By Oren Liebermann, Ellie Kaufman and Jeremy Herb, CNN
The Nebraska National Guard has begun canceling training events as other Guard units across the country prepare to take even more drastic measures if Congress doesn’t reimburse the National Guard Bureau for the more than half a billion dollars spent securing the Capitol in the months following the January 6th riot.
The annual weapons qualification this coming weekend for some members of the Nebraska Guard was canceled to save on travel, lodging, and meal costs, all of which have been scaled back to save money, Maj. Scott Ingalsbe, spokesman for the Nebraska National Guard, told CNN.
“We just couldn’t incur the cost,” Ingalsbe said. Instead, the Guard will conduct a training weekend at its home base. An upcoming marksmanship exercise for early-August was also canceled, as were a pre-command course, firearms training for soldiers who need to improve their marksmanship, and more.
The cancellations will spread beyond Nebraska to more states if the National Guard Bureau isn’t reimbursed $521 million for the cost of the securing the Capitol through late May.
“If funding isn’t sorted by the first of August, this list will grow,” said National Guard Bureau spokesman Wayne Hall.
The canceled exercises underscore the real-world consequences that are arising from a funding impasse in Congress over providing supplemental funding in the wake of the January 6 attack on the Capitol, which led to thousands of National Guard being deployed at the Capitol for several months afterward. The US Capitol Police is also facing a funding crunch, and lawmakers have warned there could be furloughs in August without additional funding.
Guard units are preparing for the much more serious prospect of canceling entire drill weekends and annual exercises, as Guard leaders have begun pulling unobligated dollars to close the funding gap.
“The Illinois National Guard may be required to cancel August and September, cancel upcoming annual training events, furlough over one thousand federal civilian employees, ground aircraft, which will cause pilots to lose critical flight readiness ratings, cancel essential military schools, pull transportation,” said Maj. Gen. Richard Neely, the Illinois Adjutant General, at a media roundtable last week. Illinois committed more than 800 Guardsmen to the Capitol mission and another 3,000 for the Covid-19 response.
“It would be punishing the force that has worked extremely hard the last two years to ensure the National Guard is always ready and always there when our nation in our community needs us,” Neely said.
The danger of canceled training comes at a critical time, with wildfires raging on the West Coast and hurricane season fast approaching on the East Coast, two periods when Guardsmen are often called in to help in the event of a natural disaster.
Governors and local officials have taken up the call this week, writing letters to senators and House Speaker Nancy Pelosi asking that the reimbursement funding be approved quickly, before the cancellation of drill weekends affects the readiness of the Guard to respond in an emergency.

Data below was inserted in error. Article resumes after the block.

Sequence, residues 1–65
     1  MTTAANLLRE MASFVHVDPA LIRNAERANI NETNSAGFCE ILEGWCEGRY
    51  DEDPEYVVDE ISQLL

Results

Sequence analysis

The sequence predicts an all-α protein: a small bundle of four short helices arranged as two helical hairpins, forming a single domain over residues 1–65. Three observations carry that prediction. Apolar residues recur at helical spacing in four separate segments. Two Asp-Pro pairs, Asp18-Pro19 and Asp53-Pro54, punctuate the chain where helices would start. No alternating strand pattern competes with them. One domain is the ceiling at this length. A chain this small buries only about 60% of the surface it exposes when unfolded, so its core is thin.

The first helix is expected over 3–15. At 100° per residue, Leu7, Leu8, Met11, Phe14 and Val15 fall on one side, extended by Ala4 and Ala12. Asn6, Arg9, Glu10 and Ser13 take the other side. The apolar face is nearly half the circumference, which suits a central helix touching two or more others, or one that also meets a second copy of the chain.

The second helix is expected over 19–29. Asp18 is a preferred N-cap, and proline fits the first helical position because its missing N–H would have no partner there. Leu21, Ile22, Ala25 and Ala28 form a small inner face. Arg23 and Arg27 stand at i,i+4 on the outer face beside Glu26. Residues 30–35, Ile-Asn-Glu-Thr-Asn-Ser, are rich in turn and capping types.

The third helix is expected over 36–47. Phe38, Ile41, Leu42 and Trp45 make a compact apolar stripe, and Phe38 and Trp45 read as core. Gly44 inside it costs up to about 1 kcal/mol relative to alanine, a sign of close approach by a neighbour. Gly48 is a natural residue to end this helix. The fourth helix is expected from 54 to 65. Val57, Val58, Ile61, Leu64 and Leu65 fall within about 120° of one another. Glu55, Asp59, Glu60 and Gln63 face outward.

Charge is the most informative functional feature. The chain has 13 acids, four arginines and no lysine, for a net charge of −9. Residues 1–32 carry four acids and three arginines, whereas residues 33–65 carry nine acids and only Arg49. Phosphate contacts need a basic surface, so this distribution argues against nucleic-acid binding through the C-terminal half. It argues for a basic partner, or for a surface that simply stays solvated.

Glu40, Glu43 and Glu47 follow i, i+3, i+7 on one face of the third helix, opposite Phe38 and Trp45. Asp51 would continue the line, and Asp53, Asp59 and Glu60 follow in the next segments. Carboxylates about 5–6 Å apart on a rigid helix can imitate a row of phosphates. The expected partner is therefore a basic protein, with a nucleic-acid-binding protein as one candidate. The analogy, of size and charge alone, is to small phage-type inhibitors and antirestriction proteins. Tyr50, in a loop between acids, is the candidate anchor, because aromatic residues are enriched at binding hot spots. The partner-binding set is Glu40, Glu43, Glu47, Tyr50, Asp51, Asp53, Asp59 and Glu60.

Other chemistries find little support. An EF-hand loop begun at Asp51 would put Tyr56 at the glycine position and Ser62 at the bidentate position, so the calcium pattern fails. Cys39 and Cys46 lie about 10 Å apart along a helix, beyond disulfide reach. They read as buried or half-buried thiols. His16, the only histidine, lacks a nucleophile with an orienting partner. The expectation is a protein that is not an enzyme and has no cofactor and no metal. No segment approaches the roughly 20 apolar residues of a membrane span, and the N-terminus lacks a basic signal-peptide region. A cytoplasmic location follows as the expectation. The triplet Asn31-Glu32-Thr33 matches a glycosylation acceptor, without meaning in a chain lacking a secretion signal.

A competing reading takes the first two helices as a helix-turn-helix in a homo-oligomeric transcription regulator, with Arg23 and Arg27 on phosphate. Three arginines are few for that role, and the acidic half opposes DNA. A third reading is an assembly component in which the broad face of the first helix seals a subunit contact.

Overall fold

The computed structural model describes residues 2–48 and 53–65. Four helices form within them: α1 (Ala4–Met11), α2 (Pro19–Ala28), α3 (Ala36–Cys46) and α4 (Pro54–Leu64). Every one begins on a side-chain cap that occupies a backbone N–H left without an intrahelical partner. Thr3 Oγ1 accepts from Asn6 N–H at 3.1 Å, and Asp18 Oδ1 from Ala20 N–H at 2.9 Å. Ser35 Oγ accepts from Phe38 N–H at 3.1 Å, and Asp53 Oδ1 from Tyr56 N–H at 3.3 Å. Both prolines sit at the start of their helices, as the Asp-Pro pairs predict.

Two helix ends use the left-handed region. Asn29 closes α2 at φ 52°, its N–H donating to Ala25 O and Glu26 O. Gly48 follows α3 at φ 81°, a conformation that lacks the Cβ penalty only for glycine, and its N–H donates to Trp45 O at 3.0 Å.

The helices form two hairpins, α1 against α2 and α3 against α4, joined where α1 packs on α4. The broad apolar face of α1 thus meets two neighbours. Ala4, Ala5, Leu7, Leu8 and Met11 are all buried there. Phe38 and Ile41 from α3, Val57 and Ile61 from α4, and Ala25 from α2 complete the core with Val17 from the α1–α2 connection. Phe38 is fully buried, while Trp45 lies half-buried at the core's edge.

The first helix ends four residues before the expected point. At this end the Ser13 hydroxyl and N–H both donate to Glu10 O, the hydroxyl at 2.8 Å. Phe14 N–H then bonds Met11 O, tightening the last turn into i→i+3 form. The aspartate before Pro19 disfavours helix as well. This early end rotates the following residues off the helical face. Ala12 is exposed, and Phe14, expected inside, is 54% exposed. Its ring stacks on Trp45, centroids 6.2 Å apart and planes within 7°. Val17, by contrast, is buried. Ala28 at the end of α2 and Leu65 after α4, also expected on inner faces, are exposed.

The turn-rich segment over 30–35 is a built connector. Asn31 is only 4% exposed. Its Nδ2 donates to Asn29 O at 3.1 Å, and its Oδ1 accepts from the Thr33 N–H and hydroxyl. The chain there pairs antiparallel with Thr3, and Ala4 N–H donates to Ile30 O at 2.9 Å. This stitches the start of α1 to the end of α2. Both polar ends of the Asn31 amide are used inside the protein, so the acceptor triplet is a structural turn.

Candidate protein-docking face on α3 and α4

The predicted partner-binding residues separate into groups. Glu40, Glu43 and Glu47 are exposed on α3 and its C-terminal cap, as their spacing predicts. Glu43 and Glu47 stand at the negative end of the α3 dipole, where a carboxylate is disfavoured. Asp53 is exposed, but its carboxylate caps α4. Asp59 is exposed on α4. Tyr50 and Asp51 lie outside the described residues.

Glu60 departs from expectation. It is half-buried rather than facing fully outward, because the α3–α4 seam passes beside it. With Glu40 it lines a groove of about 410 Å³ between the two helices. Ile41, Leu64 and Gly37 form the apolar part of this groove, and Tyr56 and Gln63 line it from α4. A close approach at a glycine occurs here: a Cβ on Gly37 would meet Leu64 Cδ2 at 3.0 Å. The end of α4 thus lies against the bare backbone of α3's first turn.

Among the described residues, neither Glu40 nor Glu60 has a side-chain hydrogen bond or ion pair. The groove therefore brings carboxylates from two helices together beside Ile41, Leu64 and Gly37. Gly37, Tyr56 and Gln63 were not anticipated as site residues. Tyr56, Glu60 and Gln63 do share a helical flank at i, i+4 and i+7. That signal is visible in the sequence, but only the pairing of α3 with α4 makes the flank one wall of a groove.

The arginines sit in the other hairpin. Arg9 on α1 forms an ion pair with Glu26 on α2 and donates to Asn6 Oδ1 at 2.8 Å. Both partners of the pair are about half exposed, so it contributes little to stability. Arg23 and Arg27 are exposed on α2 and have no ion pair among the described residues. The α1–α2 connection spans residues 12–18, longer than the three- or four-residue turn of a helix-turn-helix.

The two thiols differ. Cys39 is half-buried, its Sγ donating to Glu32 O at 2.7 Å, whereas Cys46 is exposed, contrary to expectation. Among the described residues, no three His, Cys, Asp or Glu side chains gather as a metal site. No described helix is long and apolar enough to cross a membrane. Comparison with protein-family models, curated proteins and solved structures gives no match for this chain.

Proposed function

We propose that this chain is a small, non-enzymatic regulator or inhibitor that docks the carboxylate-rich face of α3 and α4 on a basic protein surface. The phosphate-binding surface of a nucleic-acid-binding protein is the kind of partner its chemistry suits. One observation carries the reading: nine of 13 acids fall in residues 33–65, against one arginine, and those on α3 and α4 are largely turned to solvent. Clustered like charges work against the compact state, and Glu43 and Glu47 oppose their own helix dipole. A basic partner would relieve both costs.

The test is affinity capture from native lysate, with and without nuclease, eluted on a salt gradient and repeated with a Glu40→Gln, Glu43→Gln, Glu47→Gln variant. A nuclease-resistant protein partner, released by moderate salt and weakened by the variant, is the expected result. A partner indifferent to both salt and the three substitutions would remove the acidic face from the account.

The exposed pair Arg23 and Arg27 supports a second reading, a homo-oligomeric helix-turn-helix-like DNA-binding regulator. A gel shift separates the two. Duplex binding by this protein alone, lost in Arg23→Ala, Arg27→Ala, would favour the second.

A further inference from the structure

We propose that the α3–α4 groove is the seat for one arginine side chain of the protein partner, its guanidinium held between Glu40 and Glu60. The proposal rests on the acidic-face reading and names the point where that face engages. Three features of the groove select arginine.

In a letter to Pelosi and Chairman of the Senate Appropriations Committee Sen. Patrick Leahy (D-Vermont), North Dakota Gov. Doug Burgum said that if Congress does not reimburse the Guard for protecting Capitol Hill after January 6, “the training schedule for the remainder of Fiscal Year 2021 is in jeopardy.”
Canceling training “will impact readiness” from “delaying occupational and career advancement schools,” to “degraded response capability” to respond to domestic emergencies, Burgum said in the letter.
The Maryland National Guard Adjutant General Timothy Gowen also wrote a letter to Sen. Ben Cardin (D-Maryland) requesting Congress reimburse the Guard for the funding, stating without an “immediate” response, the Maryland National Guard will have to “cancel most of our drill and annual training periods for the rest of the fiscal year.”
Maryland Gov. Lary Hogan tweeted the letter Gowen sent to Cardin on July 20, asking Congress to take “urgent action to prevent major disruptions to ongoing operations.”
Negotiations taking place
The Senate Appropriations Committee has been negotiating a supplemental funding package that would include funding for the National Guard as well as Capitol Police, after the House passed a $2 billion security package earlier this year.
Senate Appropriations Chairman Leahy unveiled a $3.7 billion supplemental funding bill last week that would provide additional funds for both the Guard and Capitol Police, as well as other matters such as boosting the Afghan Special Immigrant Visa program and providing courts funding to boost their security after January 6.
But Sen. Richard Shelby of Alabama, the panel’s top Republican, said Leahy’s package was too broad. He’s proposed a narrower $1 billion package that includes funding for the Guard and Capitol Police. Shelby has said he’s open to including funding for the Afghan visa program, though he’s been skeptical of tacking on additional issues.
Both Leahy and Shelby have expressed optimism thew committee will reach an agreement before Congress leaves town for the August recess. “We have not reached an agreement yet, but I think we’re really close,” Shelby told reporters on Thursday. “But that’s still not there.”
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